Friday, February 1, 2013

#7DaysofCommunity - Day 3

There are a few things that are constants in the realm of Community – a few solid, consistent truths that we can always rely on. In fact, Abed mentions a few of these character-related truths in “Remedial Chaos Theory.” The audience (and characters, for that matter) can always count on Annie Edison to be driven and determined. It is who she is as a person. We can always count on Shirley to be kind and giving. We know that Troy will do anything for his friends. We understand that Pierce will be the one member to make the most offensive, offhanded comments and jokes. Abed will always be the most perceptive, Jeff will continue to try and protect his friends… but also himself. And Britta? Well, Britta is a toss-up.

But we won’t be talking about character development and growth in today’s #7DaysofCommunity celebration. At least, not specifically. There is another aspect of Community that, in its consistency, has become a familiarity and an expectation throughout the series. What exactly is this constant variable? Click below the cut to continue!

musicandhistory asked: Most Epic Winger Speech

Answer: Closing Remarks (“Introduction to Finality”)

A while before the season three finale even aired, there was a short special that was released from Hulu featuring Joel McHale. It was called “A Day in the Life,” and followed Joel around throughout a typical work day – beginning, of course, at the near-crack of dawn when the actor rehearsed for and taped an episode of The Soup. But later on in the episode, Joel was seen attempting to memorize lines – a giant chunk of text – for “Introduction to Finality.” It just so happened that what he was attempting to memorize was this speech.

One of the most constant and predictable (in a good way, mind you) aspects about Community is its utilization of Winger speeches. They’ve become a trademark of the series, and have both grown and matured in content and delivery along with the character who utters them. The first Winger speech that was ever articulated was in the pilot episode. While the speech itself was spun skillfully, the intention behind the speech was deceptive. Jeff, after all, was only attempting to get a shot with Britta. He really and truly could have cared less about the five other members of the study group. So he caused them to turn on one another. And Britta – ever perceptive (and cynical and jaded) Britta – figured out what Jeff was attempting to do, shot him down, and kicked him out of her study group. Jeff, as we know, was allowed back into the group, and with him came quite a few Winger speeches.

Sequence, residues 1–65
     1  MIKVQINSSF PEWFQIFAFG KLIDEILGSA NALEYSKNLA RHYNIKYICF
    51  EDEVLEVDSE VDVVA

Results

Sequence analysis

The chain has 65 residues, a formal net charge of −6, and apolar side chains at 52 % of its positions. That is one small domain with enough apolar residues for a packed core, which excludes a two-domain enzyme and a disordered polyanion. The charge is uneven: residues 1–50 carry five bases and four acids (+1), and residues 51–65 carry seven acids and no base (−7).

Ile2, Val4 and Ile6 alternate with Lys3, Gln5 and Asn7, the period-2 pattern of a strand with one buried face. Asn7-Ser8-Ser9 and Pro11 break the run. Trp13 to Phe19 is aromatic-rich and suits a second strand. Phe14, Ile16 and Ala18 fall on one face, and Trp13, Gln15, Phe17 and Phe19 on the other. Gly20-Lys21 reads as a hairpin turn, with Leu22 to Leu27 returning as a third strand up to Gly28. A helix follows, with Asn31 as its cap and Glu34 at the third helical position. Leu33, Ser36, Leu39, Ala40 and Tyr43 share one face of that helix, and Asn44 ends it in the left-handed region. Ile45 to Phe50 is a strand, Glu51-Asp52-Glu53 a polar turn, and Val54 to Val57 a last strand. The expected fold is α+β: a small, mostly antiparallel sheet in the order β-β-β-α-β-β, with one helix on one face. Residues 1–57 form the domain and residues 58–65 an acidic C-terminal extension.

When I contemplated which speech would win most “epic” in my book, I was initially convinced that it would have to be the Rich/Chang speech from “Asian Population Studies.” After all, Jeff managed to – without preparation – wildly spin together a diatribe that made RICH look like a villain (or at least a cause for alarm and skepticism) and CHANG look like a decent option for an addition to their study group. While that speech is definitely one of my favorites, something felt… off when I thought about choosing it.

No, I reasoned internally. There was another speech that had struck me. It was the speech at the end of “Introduction to Finality.” And, re-reading through my blog-review of the episode, I realized exactly WHY this speech impacted me so much. It was the sense of completeness, of coming full circle, and of accepting your place in life. Because the bottom line is this – Jeff Winger wasn’t always a super great guy. Heck, a lot of the time, Jeff’s first – his knee-jerk – response when another person needs his help is to walk away, even from the people he cares about. He’s selfish. He’s jaded. He’s egotistical.  He’s flawed.

And really, that’s what makes his journey so amazing in this series. I love every other character, don’t get me wrong. But the amount of growth and depth and development we have seen throughout the course of three years with Jeff is just… amazing. He has gone from someone who pitted the study group members against one another for his own personal gain to a guy who would rather face anything else in the world than risk losing his group of friends. He needs them. And they need him. And it’s all beautiful and sob-worthy when you pause long enough to consider the ramifications of this growth.